Cancer survival increase in Wales better than elsewhere in UK, says report
Wales has the biggest increase in cancer survival rates in the UK, latest figures have shown.
A report into the Welsh government's cancer strategy also said newly diagnosed patients started treatment within the target time of 31 days.
It found the proportion of patients surviving for at least a year after cancer was up by 14% in a decade.
But the report highlighted that Wales still had not met the levels of a number of other European countries.
Health Minister Mark Drakeford said the report was a tribute to those involved with the planning and delivery of care.
"This report demonstrates real improvements in cancer care in Wales over the past year," he said.
"The report tells us our cancer survival improvement has been proportionately larger than in other UK countries, and we have consistently achieved the 31-day target since July 2013.
"We also know from the recent cancer patient experience survey that 89% of patients in Wales think their care is 'very good' or 'excellent', rising to 97% when describing their care as 'good'."
Mr Drakeford said every patient deserved the best care.
"Whilst the results of this report indicate we are moving in the right direction, in Wales we will continue to work to make improvements in all aspects of cancer care and treatment," he said.
But it was not all good news.
Survival rates in Wales continue to be below the European average for most common cancers.
And the survival rate for skin cancer is not only lower than the European average but is worse than the UK and Ireland average as well.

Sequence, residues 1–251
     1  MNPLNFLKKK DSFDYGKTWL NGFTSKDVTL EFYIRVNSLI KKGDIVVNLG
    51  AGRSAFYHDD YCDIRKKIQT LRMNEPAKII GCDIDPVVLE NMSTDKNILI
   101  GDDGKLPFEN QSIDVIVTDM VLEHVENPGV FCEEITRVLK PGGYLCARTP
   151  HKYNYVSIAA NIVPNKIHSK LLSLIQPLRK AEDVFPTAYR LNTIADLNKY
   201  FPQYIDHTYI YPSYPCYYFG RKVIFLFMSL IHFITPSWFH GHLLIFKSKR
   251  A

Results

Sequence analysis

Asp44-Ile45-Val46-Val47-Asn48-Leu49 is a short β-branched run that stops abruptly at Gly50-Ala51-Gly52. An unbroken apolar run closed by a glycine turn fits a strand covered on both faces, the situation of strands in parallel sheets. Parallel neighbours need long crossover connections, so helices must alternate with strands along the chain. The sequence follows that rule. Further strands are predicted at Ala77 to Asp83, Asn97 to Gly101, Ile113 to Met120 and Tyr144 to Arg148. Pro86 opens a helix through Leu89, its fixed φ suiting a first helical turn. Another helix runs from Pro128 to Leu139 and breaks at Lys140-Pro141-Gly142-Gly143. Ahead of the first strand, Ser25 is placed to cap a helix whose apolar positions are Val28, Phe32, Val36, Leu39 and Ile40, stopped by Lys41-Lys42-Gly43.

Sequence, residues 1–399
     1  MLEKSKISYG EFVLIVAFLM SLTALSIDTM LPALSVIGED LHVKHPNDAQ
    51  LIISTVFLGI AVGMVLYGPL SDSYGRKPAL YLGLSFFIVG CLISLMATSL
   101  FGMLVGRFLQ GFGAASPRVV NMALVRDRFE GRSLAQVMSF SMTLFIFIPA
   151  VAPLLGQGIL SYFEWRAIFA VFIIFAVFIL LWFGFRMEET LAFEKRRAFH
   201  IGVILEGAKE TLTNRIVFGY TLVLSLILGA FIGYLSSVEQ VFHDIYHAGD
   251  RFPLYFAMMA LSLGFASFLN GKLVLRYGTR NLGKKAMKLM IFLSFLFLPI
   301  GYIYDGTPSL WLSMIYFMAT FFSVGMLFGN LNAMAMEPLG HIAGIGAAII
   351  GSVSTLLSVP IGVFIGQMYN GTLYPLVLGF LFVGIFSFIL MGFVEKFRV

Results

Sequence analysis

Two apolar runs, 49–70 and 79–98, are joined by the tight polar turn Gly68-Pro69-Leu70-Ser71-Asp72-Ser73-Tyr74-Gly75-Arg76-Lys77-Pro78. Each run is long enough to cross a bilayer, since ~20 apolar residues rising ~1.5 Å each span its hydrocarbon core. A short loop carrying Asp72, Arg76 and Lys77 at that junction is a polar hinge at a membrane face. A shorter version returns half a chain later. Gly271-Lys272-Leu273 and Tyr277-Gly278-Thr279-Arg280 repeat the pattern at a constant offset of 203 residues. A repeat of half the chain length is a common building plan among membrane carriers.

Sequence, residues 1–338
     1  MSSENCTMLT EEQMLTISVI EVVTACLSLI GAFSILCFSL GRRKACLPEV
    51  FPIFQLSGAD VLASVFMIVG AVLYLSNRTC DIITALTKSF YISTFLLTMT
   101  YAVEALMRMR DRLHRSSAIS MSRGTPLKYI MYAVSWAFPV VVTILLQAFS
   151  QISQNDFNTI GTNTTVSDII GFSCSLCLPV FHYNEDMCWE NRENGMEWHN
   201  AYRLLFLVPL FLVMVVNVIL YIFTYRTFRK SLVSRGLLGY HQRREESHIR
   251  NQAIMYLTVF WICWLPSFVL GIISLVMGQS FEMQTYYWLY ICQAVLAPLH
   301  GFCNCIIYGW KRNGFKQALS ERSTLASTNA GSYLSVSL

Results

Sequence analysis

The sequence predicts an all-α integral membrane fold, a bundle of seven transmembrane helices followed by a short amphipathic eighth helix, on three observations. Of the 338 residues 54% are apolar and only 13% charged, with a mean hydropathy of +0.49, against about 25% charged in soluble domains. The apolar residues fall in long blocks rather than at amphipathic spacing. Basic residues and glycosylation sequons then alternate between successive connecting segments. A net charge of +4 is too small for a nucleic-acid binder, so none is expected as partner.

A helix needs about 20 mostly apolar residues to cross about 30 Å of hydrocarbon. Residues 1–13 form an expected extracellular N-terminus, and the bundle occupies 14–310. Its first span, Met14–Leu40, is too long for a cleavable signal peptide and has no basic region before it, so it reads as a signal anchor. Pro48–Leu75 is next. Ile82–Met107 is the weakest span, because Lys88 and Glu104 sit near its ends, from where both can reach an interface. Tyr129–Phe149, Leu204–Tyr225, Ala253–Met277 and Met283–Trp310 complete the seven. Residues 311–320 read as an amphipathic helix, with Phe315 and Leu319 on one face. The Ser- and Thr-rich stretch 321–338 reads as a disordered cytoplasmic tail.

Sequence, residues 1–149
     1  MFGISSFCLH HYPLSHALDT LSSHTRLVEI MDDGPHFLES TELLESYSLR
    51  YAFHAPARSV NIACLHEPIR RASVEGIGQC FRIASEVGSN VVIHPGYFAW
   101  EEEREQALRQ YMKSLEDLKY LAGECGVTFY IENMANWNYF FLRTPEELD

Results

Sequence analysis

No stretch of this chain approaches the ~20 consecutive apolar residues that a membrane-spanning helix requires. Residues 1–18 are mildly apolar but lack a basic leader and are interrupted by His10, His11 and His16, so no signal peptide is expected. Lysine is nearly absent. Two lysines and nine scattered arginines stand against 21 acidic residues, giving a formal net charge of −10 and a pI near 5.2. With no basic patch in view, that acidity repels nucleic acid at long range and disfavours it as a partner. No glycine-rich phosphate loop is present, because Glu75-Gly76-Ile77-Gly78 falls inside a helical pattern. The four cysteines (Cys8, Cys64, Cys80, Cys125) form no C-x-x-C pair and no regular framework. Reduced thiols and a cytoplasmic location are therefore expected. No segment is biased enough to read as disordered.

There has also been a 5% drop in the uptake of bowel cancer screening.
Conservative Shadow Health Minister Darren Millar AM said he was "extremely heartened" to see progress.
But he added: "It is now crucial that (First Minister) Carwyn Jones and Welsh Labour address severe shortcomings within cancer waiting times and end the postcode lottery surrounding access to cancer drugs.
"Outcomes could be even better if people weren't being denied modern cancer treatments in Wales - which are routinely available elsewhere in the UK."
A spokesperson for cancer charity Macmillan Wales said: "We are pleased that the second annual report highlights the progress health boards have made in delivering cancer services across Wales in the last 12 months, including highlighting the positive results from the first Wales Cancer Patient Experience Survey.
"However, the annual report highlights that improvements are still needed around cancer survival rates, waiting times for urgent suspected cancer and the implementation of the key worker and assessment and care planning initiative."